The Ordinal Comparisons Operators: <, <=, >, and >= : Comparison Operators « Operators « SCJP

//These are applicable to all numeric types and to char and produce a boolean result.
public class MainClass {
  public static void main(String[] argv) {

    int a = 9;
    int b = 65;
    int c = -12;
    float d = 9.0F;
    char e = 'A';

    System.out.println(a < b);
    System.out.println(d < c);
    System.out.println(e <= a);
    System.out.println(a > d);
    System.out.println(c >= e);

2.6.Comparison Operators
2.6.1.Comparison Operator Summary
2.6.2.Comparison operators <, <=, >, >=, = =, and != return a boolean result.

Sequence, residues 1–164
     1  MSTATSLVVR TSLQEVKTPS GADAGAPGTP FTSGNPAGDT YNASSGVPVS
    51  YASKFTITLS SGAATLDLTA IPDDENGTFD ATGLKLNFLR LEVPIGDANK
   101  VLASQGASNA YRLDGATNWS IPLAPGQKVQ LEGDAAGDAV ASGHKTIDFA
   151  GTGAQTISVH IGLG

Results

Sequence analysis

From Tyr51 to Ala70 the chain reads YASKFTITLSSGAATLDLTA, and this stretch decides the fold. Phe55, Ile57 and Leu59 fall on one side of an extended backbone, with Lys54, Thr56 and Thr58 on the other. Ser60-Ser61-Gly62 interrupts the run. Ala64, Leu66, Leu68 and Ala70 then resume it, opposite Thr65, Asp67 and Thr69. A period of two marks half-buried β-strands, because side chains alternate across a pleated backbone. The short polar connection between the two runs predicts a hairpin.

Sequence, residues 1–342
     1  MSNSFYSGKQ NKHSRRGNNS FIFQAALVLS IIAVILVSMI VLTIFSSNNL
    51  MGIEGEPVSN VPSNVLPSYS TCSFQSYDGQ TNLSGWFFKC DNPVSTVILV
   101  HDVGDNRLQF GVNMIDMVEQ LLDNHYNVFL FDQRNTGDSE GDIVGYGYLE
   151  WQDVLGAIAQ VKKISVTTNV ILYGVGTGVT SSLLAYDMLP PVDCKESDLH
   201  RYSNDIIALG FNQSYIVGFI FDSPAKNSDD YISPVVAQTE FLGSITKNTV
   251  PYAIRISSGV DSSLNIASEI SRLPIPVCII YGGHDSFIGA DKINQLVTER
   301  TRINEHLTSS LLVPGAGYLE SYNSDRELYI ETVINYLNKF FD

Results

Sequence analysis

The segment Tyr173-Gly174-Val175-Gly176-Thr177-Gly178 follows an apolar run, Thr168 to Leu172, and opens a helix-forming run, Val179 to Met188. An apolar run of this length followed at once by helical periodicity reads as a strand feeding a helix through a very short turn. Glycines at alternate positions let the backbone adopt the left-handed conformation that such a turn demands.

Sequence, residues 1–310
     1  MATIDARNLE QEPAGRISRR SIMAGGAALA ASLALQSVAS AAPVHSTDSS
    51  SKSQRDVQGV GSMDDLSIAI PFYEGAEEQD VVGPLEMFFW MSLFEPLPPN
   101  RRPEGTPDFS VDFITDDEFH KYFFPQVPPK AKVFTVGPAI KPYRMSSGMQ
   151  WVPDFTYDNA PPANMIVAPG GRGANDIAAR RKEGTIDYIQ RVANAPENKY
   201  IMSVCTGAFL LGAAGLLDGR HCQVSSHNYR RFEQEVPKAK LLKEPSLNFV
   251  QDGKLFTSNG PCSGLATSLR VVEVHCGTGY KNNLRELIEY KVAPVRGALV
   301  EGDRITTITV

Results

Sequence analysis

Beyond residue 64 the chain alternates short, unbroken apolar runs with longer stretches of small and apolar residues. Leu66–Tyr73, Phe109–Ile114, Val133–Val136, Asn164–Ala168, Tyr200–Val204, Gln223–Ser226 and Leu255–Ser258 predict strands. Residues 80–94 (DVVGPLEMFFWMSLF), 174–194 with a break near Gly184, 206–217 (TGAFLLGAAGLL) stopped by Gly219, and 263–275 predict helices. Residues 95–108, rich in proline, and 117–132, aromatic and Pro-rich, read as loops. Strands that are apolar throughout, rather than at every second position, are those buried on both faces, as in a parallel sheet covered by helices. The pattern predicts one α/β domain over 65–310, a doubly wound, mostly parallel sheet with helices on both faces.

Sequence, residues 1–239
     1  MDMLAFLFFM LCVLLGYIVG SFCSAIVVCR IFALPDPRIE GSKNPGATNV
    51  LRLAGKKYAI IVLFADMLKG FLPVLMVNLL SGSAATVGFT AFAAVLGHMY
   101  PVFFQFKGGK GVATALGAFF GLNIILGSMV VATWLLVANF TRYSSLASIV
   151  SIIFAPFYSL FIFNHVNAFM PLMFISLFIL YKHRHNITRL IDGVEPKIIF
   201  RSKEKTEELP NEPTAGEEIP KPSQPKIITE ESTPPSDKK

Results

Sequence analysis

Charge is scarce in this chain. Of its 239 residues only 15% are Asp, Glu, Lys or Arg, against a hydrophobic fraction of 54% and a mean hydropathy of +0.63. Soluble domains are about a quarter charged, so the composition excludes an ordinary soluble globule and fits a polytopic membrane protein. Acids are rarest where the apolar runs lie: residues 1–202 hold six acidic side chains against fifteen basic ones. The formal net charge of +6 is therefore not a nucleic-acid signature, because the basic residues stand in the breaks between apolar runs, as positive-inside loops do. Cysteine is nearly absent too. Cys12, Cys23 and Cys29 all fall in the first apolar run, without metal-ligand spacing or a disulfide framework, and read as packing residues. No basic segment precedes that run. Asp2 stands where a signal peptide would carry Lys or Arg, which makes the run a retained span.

2.6.3.Comparison operators are commonly used to form conditions
2.6.4.The Ordinal Comparisons Operators: <, <=, >, and >=
2.6.5.It is acceptable to compare the float value to the char variable c.
2.6.6.Ordinal comparisons are not applicable to any non-numeric types.
2.6.7.The Equality Comparison Operators: == and != for primitive types
2.6.8.The Equality Comparison Operators: == and != for variables of object type
2.6.9.You should not use these operators to compare the contents of objects.
2.6.10.To do a content comparison, use equals() method rather than the == or != operator.
2.6.11.For object references, the == operator returns true only if both references are to the same object.
2.6.12.Define your own equals Method
2.6.13.The == with Strings Trap
2.6.14."Equality" Operators
2.6.15.Equality for Reference Variables
2.6.16.Equality for Enums